Use this URL to cite or link to this record in EThOS: https://ethos.bl.uk/OrderDetails.do?uin=uk.bl.ethos.796680
Title: Behavioural and energetic determinants of individual mating success in male grey seals (Halichoerus grypus, Fabricius 1791)
Author: Twiss, Sean David
Awarding Body: University of Glasgow
Current Institution: University of Glasgow
Date of Award: 1991
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Abstract:
(1) Potential behavioural and energetic determinants of male grey seal mating success were examined over three successive breeding seasons (1987 to 1989) on North Rona (Scotland). A total of 275 males were individually identified. Records of individual male mating success, inter-male aggression (to yield dominance indices), colony attendance patterns and detailed activity budgets were obtained. Selected individuals were caught and weighed and rates of weight loss (both absolute and proportional) and weights on date of arrival to and departure from the colony were calculated. Standard measurements were taken and a single incisor tooth extracted for age determination. (2) Length of stay on the breeding colony was the primary correlate of mating success. (3) Using records of inter-male aggressive encounters a clear dominance hierarchy was found amongst the males. Dominant males were not necessarily heavier or bigger, nor were dominant males older than subordinates on average. There were low levels of intermale aggression on the colony, and evidence of prior knowledge of relative status amongst I males. It is proposed that male dominance relationships are predominantly established in the water prior to arrival on the colony. Thus, size may not be an important determinant of male competitive ability in grey seals. (4) Mating success was also highly correlated with dominance in all three seasons. Dominant individuals were able to establish positions amongst the groups of females and maintain these for significantly longer than more subordinate males, thus giving access to more oestrus females. (5) Dominant males experienced lower daily rates of aggression and did not incur greater rates of weight loss (either absolute or proportional). (6) No evidence of energetic constraints on male mating success could be found. Due to the topography of North Rona, dominant males were able to exclude subordinates from the breeding grounds (the average sex ratio on the colony during the breeding season was approximately 1 male : 7 females). Relatively few males were therefore, able to remain on the colony for the length of time that their energy reserves permitted, thus masking any potential energetic limits on length of stay. (7) It is suggested that grey seals are sexually size dimorphic primarily due to the differing energy storage requirements of the two sexes determined by the different strategies adopted by males and females in order to maximise individual reproductive success. (8) Males that returned in successive seasons were the more dominant individuals of the previous season, therefore remained ashore for longer and gained greater mating success in the previous year. Also, returning males were younger on average than those that failed to return, were not necessarily the heavier males but were those that incurred greater proportional rates of weight loss in the previous season. (9) One male, present in all three seasons, was conspicuously successful in all three years and had by far the greatest mating success of all males observed during the course of the study. This male had been present on North Rona since at least 1980. (10) A comparative study was conducted with one field season on Sable Island (Nova Scotia, Canada). Unlike North Rona, dominance was the primary correlate of mating success. Considerable differences in the apparent sex ratios were observed between Sable (1 male : 2 females) and Rona (1:7). Also, oestrus females on Sable were spatially more evenly distributed and temporally more aggregated than on Rona. Thus, one would predict a lower environmental polygamy potential on Sable Island. However, there were no significant differences in measures of the "degree of polygyny" at the two sites. Thus, although relatively more males gained positions ashore on Sable (access was not restricted by topography), dominant individuals still monopolised mating opportunities. These results suggest that plasticity of the form of mating system shown amongst grey seal populations is limited.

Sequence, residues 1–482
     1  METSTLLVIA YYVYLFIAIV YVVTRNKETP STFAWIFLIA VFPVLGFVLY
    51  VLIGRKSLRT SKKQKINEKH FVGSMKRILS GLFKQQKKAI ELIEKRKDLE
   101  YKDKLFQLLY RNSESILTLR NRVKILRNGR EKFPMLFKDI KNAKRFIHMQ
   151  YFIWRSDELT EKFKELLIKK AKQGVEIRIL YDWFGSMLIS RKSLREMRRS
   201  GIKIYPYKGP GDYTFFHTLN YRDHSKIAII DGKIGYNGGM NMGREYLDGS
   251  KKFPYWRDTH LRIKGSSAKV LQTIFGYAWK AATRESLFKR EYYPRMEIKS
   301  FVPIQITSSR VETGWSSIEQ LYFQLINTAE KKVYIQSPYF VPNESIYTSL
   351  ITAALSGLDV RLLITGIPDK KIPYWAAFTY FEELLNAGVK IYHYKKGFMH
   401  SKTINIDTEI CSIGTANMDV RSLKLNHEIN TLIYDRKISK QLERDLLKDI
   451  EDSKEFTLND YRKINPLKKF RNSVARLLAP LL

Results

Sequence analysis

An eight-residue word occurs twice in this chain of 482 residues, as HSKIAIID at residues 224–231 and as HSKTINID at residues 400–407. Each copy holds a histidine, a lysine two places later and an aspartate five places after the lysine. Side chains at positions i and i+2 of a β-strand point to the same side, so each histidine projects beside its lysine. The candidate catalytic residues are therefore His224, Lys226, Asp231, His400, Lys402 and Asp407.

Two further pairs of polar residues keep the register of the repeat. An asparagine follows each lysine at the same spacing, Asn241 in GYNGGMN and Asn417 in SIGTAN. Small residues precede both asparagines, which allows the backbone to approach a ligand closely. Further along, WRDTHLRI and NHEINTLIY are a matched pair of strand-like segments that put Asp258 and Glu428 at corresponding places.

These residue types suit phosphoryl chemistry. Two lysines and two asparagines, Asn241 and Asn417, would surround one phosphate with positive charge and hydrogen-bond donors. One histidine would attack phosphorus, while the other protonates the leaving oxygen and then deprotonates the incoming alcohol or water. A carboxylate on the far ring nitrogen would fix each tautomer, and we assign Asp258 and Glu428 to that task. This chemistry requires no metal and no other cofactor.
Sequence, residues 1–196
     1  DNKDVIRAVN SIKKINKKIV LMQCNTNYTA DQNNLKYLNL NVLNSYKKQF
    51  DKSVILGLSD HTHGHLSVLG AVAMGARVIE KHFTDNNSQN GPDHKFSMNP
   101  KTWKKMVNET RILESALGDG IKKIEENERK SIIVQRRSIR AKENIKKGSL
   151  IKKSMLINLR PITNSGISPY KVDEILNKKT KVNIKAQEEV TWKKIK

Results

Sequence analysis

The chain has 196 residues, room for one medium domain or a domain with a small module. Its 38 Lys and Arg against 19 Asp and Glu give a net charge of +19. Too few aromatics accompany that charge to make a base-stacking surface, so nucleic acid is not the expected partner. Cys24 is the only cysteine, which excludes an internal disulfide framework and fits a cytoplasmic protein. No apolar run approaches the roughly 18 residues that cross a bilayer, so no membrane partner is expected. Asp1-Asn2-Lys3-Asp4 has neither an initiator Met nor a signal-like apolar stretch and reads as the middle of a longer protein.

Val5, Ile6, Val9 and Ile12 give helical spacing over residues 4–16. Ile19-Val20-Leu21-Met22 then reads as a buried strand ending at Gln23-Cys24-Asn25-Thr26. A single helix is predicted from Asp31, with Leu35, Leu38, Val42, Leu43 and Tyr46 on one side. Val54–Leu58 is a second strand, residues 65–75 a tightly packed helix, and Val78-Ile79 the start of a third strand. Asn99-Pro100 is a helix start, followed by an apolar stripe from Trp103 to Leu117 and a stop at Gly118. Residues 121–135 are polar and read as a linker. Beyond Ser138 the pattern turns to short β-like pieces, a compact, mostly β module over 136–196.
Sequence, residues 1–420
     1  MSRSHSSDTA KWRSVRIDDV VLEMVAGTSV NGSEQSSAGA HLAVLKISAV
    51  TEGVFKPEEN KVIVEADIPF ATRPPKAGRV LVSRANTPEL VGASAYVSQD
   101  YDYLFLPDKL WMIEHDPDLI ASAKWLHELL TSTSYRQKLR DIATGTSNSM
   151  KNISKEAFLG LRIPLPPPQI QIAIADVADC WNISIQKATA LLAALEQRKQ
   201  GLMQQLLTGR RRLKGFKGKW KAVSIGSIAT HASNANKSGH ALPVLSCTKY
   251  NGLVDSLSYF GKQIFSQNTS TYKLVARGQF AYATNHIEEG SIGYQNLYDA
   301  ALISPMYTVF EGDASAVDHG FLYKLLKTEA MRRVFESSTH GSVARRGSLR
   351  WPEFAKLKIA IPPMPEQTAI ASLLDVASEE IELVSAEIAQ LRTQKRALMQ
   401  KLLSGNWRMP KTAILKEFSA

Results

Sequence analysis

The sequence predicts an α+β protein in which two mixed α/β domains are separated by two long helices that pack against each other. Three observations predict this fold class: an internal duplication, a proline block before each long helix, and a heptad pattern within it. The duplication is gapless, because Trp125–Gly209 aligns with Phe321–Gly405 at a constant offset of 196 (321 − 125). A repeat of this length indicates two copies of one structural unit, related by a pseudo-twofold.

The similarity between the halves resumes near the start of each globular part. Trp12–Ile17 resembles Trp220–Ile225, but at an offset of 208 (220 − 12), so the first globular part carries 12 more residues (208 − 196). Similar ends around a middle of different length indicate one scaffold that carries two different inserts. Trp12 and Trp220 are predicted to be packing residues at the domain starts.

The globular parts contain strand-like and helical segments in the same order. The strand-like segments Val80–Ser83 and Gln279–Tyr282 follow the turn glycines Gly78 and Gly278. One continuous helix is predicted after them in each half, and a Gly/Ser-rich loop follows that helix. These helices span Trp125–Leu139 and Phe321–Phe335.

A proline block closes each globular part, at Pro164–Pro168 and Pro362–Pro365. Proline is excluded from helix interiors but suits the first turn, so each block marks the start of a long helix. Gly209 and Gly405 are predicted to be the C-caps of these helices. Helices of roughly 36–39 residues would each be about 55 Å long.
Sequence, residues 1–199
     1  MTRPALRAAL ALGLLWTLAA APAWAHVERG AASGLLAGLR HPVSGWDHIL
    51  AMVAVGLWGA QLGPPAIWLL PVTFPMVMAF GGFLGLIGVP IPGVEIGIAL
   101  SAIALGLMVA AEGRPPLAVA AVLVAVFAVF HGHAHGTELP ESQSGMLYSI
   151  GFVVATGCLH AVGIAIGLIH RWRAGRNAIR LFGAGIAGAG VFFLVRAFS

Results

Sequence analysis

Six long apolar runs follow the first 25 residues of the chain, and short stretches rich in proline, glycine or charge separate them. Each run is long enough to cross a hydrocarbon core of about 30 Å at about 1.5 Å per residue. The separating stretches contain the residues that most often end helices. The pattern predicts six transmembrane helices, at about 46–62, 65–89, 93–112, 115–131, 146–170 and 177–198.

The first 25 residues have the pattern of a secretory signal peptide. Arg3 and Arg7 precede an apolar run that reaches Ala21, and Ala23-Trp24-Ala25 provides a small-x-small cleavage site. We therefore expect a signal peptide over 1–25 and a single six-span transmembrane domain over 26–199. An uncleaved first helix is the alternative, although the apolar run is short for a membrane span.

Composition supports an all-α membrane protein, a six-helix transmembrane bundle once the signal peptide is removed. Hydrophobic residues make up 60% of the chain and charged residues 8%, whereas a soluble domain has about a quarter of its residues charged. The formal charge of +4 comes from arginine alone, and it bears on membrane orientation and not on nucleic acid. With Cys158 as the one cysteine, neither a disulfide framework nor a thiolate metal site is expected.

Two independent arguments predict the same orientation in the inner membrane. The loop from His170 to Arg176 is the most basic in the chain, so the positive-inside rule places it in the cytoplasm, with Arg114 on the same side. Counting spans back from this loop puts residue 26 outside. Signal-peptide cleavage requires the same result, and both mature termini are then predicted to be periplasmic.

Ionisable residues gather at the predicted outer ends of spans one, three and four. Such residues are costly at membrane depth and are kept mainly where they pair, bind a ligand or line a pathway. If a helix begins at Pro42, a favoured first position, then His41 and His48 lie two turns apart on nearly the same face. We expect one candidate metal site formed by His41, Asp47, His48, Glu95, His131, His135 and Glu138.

Supervisor: Not available Sponsor: Not available
Qualification Name: Thesis (Ph.D.) Qualification Level: Doctoral
EThOS ID: uk.bl.ethos.796680  DOI: Not available
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